During World War I, the Salvation Army sent women to France to lift the spirits of the soldiers – and to serve them comfort food. Their food of choice? Hot donuts. The women became known as “Doughnut Girls,”
When America entered the hostilities in April 1917, Evangeline Booth (USA National Commander) placed the entire Salvation Army in the USA on a war-service basis.
Hostels and service centers were established adjacent to military camps and when the American Expeditionary Force went to France, Lt-Colonel William Barker was dispatched to see how the Army could best serve them. In response to Barker's request to "Send over some Lassies", Evangeline dispatched a group of eleven handpicked officers, including four single women believing that quality mattered more than quantity. More officers followed and Salvation Army huts, rest-rooms and hostels soon sprang up wherever the American troops were stationed, some right at the front line where the women as well as men were in danger from shells and gas.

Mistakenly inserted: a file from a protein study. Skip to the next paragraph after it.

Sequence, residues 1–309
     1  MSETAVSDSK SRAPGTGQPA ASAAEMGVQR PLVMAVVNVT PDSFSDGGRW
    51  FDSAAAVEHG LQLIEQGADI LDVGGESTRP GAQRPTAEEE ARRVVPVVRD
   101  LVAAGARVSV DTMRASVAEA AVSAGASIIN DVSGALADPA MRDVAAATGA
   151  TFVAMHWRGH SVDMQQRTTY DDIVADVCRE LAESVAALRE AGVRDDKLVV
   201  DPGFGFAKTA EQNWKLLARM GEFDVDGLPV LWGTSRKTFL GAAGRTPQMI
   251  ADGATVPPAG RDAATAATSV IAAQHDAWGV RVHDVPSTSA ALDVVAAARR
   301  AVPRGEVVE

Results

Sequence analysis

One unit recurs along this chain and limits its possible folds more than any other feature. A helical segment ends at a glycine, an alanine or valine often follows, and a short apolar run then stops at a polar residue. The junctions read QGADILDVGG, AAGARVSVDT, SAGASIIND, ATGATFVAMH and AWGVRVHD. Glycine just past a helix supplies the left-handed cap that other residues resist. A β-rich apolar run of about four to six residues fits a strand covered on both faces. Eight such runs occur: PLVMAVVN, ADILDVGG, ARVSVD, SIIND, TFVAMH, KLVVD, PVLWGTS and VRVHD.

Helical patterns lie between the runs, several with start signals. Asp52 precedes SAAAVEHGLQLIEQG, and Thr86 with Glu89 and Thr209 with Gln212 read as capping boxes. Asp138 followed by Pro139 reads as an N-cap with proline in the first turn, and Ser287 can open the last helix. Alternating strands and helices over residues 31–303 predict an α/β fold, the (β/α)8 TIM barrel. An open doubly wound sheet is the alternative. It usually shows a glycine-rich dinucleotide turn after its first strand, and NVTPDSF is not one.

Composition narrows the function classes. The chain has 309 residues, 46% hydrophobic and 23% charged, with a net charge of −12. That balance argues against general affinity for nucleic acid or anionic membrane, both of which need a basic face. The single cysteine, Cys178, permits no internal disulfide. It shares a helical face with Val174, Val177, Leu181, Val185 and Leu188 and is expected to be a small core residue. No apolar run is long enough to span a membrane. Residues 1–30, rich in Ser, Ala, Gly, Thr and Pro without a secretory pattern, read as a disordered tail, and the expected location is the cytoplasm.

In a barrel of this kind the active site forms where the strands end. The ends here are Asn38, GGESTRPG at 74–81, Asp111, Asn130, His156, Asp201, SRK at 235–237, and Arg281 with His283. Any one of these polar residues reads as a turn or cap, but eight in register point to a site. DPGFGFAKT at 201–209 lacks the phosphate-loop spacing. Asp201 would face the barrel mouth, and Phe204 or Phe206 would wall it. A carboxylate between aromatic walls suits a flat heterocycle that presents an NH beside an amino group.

In October 1917, Ensigns Helen Purviance and Margaret Sheldon, decided to lift the spirits of the troops by providing some real home cooking. With only flour, sugar, lard, baking powder, cinnamon and canned milk at their disposal it was agreed that they would make and serve Doughnuts. The dough was patted into shape by hand and fried, seven at a time, in a small pan. The tempting fragrance of frying doughnuts drew the homesick soldiers to the hut and they lined up in the rain waiting for a taste. Although the Ensigns worked late into the night, only one hundred and fifty were served. The next day the number was doubled and later, when fully equipped for the job they served up to nine thousand doughnuts daily.
|Stella Young, a "Doughnut girl" holding a rolling pin and donut mold.|
|Stella Young holding pan of doughnuts.|
|American sheet music celebrating the Salvation Army “Doughnut girls.”|
|A Salvation Army poster for the campaign.|
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